My first camera was a Baby Brownie. I loved that camera. I was maybe six or seven years old when my father gave it to me. I used to create still lifes in the backyard and photograph them. I loved creating pictures. My parents upgraded me to a Kodak Instamatic and every Birthday or Christmas I looked forward to getting film and flashcubes.
My father was into photography for awhile and built a darkroom in our basement. He taught me how to develop and print B&W film as well as Ektachrome slides. These are skills that served me well over the years. Up until the world went digital, I always had my own darkroom in the house, no matter where I lived.
When I hit my late teens and had a real income (as opposed to baby sitting money), I bought my first SLR. I bought a Pentax ME. The Pentax ME is an aperture priority camera. This turned out to be very useful when I started shooting concerts and live music in clubs. I later added a Pentax MX which is a one hundred percent manual camera. The MX is also my all time favorite camera.
Fast forward to the digital days. I held off on buying a digital SLR for many years. I know how it works. First you buy the camera, then you want this lens and that lens so on and so forth. I already had quite a few good lenses and other accessories sitting around doing nothing. I decided to go with a Sony Mavica as I liked how it recorded images directly onto small CDs.
Eventually Pentax came out with the K100D and I bought one. Like all Pentax DSLRs, the K100D can use my old Ashai Pentax lenses. I eventually bought a K10D as well. For the most part, I now shoot with the K10D exclusively.
Cameras: Baby Brownie, Pentax ME, Pentax MX, Pentax K100D, PentaxK10D.
Lenses: way too many to list. The majority are Asahi Pentax M-Series lenses. I have a few modern day Pentax lenses and a Tamron or two.
If anything has been consistent throughout the course of my life, it is my love of music and photography. The first concert I shot was the Patti Smith Group at Georgetown University in Washington, D.C. I learned an important lesson that night. I learned if you attended a concert with an SLR and a telephoto lens, it was very easy to get right up front as it was assumed you were a pro. Not so these days. Times have changed and you are lucky if you can get any kind of camera into a major show.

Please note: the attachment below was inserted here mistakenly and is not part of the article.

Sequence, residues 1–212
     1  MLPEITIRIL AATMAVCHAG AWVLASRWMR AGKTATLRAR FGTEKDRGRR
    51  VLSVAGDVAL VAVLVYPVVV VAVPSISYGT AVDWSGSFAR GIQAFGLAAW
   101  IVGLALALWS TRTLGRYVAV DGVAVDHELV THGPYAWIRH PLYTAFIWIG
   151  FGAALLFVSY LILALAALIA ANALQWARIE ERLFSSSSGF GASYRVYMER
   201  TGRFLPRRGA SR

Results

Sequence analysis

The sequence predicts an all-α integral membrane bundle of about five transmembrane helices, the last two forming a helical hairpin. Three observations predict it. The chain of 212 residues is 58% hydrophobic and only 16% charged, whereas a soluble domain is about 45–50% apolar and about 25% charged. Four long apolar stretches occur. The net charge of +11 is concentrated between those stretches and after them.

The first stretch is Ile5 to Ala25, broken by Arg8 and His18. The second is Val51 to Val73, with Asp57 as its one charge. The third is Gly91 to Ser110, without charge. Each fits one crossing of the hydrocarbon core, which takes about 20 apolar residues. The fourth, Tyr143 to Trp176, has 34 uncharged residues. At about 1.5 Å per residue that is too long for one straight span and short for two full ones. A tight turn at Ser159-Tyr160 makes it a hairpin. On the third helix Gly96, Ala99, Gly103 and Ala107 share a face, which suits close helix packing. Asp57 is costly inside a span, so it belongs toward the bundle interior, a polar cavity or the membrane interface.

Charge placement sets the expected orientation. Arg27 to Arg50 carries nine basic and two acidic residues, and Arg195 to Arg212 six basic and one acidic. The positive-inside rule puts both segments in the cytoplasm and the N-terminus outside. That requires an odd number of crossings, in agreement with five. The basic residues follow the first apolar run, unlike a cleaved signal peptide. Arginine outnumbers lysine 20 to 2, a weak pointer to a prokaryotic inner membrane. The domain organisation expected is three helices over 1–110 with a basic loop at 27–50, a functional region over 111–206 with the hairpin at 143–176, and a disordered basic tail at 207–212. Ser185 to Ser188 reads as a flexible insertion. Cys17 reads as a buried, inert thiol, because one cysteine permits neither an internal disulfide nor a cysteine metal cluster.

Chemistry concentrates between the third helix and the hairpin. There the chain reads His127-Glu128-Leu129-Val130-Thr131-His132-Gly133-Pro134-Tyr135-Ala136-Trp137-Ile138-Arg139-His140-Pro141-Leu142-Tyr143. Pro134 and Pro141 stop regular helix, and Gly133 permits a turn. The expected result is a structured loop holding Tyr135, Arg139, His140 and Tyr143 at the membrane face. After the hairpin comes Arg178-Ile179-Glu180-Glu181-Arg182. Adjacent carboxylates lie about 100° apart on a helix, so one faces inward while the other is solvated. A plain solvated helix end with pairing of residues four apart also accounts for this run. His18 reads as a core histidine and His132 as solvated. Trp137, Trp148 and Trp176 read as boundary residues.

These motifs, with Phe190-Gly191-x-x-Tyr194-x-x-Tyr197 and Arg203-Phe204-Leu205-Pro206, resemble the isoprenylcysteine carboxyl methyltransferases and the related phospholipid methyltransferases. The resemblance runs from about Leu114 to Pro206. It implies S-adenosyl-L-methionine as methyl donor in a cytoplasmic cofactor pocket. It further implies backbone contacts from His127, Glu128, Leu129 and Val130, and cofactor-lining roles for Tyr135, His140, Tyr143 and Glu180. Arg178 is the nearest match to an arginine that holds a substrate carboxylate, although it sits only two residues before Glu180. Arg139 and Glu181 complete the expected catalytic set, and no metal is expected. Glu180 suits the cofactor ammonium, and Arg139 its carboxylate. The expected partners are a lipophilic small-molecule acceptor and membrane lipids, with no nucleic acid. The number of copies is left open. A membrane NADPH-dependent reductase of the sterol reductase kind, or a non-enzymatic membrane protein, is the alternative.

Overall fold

It would be another two or three years before I shot another show. Once I started however, I didn't stop for quite awhile. I used to go to clubs in San Francisco and Berkeley and just shoot whoever was playing. I often made friends with the bands and traded prints in exchange for getting my name on the guest list. I didn't have a lot of money and neither did most of the bands I shot, but it sure was fun. I even managed to get published now and then.
I wound up moving to South Florida in the mid-eighties. Coming from such a diverse and thriving scene as the one in the Bay Area, South Florida's seemed like a musical wasteland. At first it seemed like there was nothing going on other than Top 40 Cover Music. Ahhhh!!!!
In my boredom I decided that South Florida needed a music magazine similar to B.A.M. I decided to create one. Remember, this was back before most people owned a pc. I put the first issue of "Gold Coast Live!" together using a typewriter, stencils and a photocopier. The first issue was more about Bay Area bands than South Florida bands as I had yet to discover a scene.
Once the first issue was printed I went to work looking for material and advertising for the second issue. In the process I met Kim Fredericks (a.k.a. Kimberly Scorch) and the rest is history. Kim knew how to find the good local bands. Together, with a few other people, we went to work documenting the scene.
I spent most of my time writing, editing, working on design and layout, distribution, etc etc. I left the photography to others. I sort of regret that now. (Regret the part about putting my camera down and not doing any photography).
BTW- I am into manual focus and rarely ever use auto focus.
Eclypso.com features the work of catharine j. anderson. All photographs on Eclypso.com are copyrighted and may not be used without permission.